In this weekly series, OneWorld Now! Leadership Facilitator (and program alumna) Andrea Vielma breaks down what happens in an OneWorld Now! leadership workshop. Each week, students come together for an experiential workshop to explore a new topic and develop skills like critical thinking, social-emotional learning, empathy and more. Sessions are based on OneWorld Now!’s unique global leadership curriculum.
At the end of the leadership session, a few students on the Diamond team complained. Those on the Spades team, though they now knew the game had been rigged, came up to us and asked about the prizes they had “won”. This is not the first time students react that way, nor the last. From previous Game Days, we learned that youth are more likely to challenge the system and refuse to play, while adults are more likely to react in a highly emotive manner.
Student Sepia brought up an apt point:
“This activity doesn’t just relate to race divisions. It can be about class, religion, gender, etc.”
A great example of this is a comparison of cities here in Western Washington. Almost the entire group agreed that living/being from Bellevue was like being a part of team Spades, while Tacoma represented team Diamonds, leaving Seattle in the center (Team Hearts). On a larger scale, we looked at some of the countries OWN students interact with. America is represented by Spades, Morocco by Diamonds, and China (or S. Korea) by Hearts.
Often it’s very easy to determine who or what make up the Spades and Diamonds, but Hearts are not as clear — this group is privileged in some areas, but not in all areas. One group of students brainstormed a small list, including the middle/working class and public school students. Other students brought up passing privilege, whether racial or sexuality based.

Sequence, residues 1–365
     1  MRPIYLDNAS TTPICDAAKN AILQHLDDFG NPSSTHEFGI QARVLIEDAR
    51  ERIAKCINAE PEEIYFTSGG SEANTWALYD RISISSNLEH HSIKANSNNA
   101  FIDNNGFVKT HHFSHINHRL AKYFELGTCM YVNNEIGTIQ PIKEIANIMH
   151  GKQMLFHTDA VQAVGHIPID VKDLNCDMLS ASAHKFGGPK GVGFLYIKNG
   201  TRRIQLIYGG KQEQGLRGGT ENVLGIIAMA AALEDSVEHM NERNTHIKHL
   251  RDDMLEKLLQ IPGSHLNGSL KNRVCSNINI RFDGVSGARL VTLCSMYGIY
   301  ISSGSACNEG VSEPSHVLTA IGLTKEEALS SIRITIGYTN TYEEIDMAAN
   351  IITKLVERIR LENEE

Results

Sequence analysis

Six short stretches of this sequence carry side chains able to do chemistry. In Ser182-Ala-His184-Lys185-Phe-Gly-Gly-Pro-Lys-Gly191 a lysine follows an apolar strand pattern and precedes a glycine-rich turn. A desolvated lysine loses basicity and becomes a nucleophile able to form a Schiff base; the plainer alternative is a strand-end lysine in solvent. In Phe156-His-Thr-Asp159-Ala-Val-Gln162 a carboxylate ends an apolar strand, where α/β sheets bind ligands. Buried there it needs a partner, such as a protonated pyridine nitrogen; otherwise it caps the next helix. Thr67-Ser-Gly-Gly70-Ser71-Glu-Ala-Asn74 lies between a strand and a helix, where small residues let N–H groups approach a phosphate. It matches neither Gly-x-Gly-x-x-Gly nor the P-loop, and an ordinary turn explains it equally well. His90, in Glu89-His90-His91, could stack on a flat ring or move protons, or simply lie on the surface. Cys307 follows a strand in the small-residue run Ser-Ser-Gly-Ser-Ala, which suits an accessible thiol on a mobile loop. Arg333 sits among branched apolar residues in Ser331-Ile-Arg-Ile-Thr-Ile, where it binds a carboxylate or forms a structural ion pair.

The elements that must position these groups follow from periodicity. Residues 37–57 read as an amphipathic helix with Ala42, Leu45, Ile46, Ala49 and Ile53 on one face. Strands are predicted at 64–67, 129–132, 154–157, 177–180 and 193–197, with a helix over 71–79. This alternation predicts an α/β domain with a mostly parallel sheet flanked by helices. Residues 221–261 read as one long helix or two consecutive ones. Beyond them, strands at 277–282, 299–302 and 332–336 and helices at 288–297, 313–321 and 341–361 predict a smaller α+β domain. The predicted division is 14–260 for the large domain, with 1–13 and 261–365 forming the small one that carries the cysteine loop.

“What about families that are too poor to pay for college out of pocket, but not poor enough to get help?” pondered a student.
One of our students made a very interesting comment about Hearts:
“Sometimes, they’re worse than spades. In some cases, they don’t recognize where people are diamonds because they’re more concerned about their position as hearts, in other cases, they over-identify with diamonds.”
Facilitators observed that students were using a lot of “good” and “bad” language so they asked students “why do you think we place so much morality on the issue?”
“Diamonds are looked at with a ‘less-than’ attitude. As a consequence, they start to see themselves with that same ‘less-than’ lense.” Reflected second year student Warda.
The spades, on the other hand, can feel a lot of guilt.
“Like white guilt,” added one student, “I haven’t done anything, but I’m still privileged, it’s not something that I chose. It begs the question of did I earn what I have?”
Facilitators noted out loud that Spades cry the most when they find that Game Day has been rigged.
Student Gloria, who was on team Diamond, took a moment to reflect that throughout the activity:
“I was irritated, I knew something was going on, and the game wasn’t fair. I was so relieved to hear it was rigged, because my feelings had been acknowledged.”
Meanwhile, Nicky, a first year student on team Spades felt that:
“I had been lied to, when I learned the game was rigged.”
Facilitators then turned to the second year students who acted as “judges” throughout the activity and asked them what was hard and what was easy.
“I liked the feeling of having power,” Iman immediately responded, “but it was hard not to give deserved points and easy to take away points.”
Leader Edmel added on:
“it was hard to answer questions about why we were behaving or doing things a certain way.”
Nancy concluded the mini discussion, saying:
“It easy to take away points because it’s pretty impersonal but when students express concern, it’s hard to respond to them. I personally struggled with that because I know what it feels like to be lied to so it was challenging for me to be on the other side of that, to have to lie, because I personally want to be a kind person.”
In other terms, our second year students represented a system or a group of people that enforce rules.
“They’re like society. They set the standards for who is in power/privileged,” reflected first year student Miya.
Several students thought that the facilitators stood in for the law, while second year students were law enforcers. Perhaps the most interesting analogy was given by Layla:
“I see the facilitators as the root of all oppression, aka the past, and the second year students represented modern society, where current assumptions are being made based on a past ideology.”